There are also the effects of an absence of beneficial polyphenols. Certain of them, like capsaicin from peppers, EGCG from green tea, and curcumin from turmeric may help to activate fat-burning brown fat. Parenthetically, Americans’ tendency to maintain thermostats at high settings may deprive their bodies of cold exposure that induces brown fat.

Finally, and this is the most disturbing trend, Mozaffarian notes that the obesity epidemic may have self-perpetuating features. It is said that “the sins of the fathers are visited upon the children, unto the third and fourth generations.” The Biblical quote may contain a kernel of truth based on our new understanding of the role epigenetics plays in inheritance.

For example, animal and human studies show the imprint of parental stress on offspring, who are more primed for experiencing psychological problems. Similarly, obese individuals may pass on epigenetic modifications that affect the expression of their hard-wired DNA, rendering descendants more likely to be overweight. Additionally, moms pass along their depleted microbiomes to their babies which may prime their metabolisms for obesity. These inter-generational impacts may be hard to overcome with mere exhortations to “eat less and exercise more”.

According to Mozaffarian: “A toxic food environment begat a toxic biological environment, creating a self-sustaining, difficult-to-reverse cycle.”

Mozaffarian’s perspective is original and insightful, but it lacks a couple of components. One is that the timing of eating has changed since the mid-Twentieth Century. Some of this is due to the commercial imperative to snack. We’ve replaced traditional three squares with round-the-clock grazing. Studies show that time-restricted eating with food-free intervals of 12-16 hours has beneficial effects on metabolism, the microbiome, and weight.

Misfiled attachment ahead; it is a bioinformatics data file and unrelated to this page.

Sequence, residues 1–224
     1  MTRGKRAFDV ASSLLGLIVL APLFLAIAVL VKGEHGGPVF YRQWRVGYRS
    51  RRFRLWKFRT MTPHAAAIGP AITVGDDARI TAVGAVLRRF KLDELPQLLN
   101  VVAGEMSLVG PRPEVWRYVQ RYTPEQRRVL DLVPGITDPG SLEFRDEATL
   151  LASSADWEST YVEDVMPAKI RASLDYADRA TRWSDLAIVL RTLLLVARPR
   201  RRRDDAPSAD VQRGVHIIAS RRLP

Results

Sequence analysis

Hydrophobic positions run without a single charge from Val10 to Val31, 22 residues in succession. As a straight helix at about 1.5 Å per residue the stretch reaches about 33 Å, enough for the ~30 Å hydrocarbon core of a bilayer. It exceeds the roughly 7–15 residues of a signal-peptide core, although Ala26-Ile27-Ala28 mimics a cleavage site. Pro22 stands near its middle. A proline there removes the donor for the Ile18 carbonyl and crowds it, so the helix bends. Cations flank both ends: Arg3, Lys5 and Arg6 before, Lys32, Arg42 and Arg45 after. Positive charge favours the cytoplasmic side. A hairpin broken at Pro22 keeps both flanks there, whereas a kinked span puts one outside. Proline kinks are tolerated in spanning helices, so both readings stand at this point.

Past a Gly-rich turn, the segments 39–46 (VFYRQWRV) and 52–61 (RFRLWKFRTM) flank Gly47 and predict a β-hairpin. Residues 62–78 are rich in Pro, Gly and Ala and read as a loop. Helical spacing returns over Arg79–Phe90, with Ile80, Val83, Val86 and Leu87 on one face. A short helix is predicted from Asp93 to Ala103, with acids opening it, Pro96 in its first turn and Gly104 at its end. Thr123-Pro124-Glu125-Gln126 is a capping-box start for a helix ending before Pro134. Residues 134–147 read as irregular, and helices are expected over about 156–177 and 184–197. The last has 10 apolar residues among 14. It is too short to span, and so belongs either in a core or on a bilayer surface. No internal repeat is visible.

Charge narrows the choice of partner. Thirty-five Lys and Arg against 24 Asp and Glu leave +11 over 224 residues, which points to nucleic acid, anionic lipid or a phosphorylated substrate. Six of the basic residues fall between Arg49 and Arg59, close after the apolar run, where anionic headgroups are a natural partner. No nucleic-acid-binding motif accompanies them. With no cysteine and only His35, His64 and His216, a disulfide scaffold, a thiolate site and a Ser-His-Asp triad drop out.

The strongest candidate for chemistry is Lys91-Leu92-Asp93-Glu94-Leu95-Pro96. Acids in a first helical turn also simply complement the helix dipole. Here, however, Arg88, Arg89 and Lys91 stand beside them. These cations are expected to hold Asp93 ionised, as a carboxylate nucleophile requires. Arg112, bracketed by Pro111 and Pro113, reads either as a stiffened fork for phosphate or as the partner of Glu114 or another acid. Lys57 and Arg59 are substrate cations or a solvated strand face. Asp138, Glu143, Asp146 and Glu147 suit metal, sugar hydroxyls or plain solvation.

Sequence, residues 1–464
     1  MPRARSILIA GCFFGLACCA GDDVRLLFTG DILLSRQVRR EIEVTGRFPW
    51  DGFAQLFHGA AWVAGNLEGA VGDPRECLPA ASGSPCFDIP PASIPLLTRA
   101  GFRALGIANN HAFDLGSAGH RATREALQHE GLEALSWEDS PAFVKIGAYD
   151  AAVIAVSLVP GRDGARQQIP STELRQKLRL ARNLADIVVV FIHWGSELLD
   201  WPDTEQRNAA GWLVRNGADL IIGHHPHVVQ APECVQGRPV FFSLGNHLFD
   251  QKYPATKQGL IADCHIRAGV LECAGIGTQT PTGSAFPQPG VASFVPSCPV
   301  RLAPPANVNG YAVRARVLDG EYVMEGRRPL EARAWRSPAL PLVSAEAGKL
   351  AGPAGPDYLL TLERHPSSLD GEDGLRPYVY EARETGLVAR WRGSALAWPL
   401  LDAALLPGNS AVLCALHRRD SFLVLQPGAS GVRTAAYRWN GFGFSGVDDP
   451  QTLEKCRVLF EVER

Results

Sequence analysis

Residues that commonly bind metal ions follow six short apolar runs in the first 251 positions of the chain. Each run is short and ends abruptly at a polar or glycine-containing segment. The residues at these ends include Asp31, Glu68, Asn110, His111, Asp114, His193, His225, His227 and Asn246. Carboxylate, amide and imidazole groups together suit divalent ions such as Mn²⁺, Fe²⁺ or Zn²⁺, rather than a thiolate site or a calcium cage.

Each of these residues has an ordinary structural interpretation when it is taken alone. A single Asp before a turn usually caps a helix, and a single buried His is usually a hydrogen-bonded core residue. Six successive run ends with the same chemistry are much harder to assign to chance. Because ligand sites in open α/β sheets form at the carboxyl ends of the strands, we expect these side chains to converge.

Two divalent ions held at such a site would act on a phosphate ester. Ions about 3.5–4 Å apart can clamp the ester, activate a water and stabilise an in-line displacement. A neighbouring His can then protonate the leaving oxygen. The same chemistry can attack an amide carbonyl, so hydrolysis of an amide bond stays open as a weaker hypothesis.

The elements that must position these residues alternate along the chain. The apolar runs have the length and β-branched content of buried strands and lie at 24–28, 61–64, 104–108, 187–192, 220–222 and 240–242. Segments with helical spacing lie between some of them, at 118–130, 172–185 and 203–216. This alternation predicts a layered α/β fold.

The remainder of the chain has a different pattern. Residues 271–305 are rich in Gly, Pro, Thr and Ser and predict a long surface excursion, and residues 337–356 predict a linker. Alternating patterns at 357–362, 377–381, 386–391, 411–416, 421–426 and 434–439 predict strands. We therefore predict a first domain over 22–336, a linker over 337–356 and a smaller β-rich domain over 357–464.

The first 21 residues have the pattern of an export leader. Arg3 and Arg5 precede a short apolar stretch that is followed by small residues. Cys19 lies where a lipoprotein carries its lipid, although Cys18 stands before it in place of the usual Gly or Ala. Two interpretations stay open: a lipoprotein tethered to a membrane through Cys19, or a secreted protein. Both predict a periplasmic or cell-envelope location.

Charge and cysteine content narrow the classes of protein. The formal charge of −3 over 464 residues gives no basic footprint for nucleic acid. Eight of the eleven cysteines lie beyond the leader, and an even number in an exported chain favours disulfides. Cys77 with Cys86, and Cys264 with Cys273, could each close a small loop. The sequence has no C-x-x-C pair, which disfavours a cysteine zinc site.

Additionally, Americans are sleeping less in 2022 than in 1960. Statistics bear this out. Inadequate sleep promotes insulin resistance and enhances appetite, particularly for carbohydrates. One study linked insufficient sleep to an increased risk of obesity by 89% in children and 55% in adults.

There’s also the fact that we’re taking far more prescription drugs. Antihypertensive drugs slow metabolism, acid-blockers damage the microbiome, and anti-depressant drugs are notorious for causing weight gain, among others.

Add to that the effects of environmental obesogens. These now ubiquitous chemicals act as endocrine disrupters and mitochondrial poisons. They include compounds as diverse as polybrominated diphenyl ethers (PBDE), commonly used in flame retardants; phthalates and bisphenol A (BPA), used in plastics; arsenic, residues of which can be found in drinking water, apple juice, and rice; Perfluorooctanoic acid (PFOA), used in non-stick cookware and food wrappers; as well as many pesticides which persist in the environment as POPs (persistent organic pollutants). There are others yet to be characterized.

Small wonder that efforts to curb America’s obesity epidemic have met with scant success.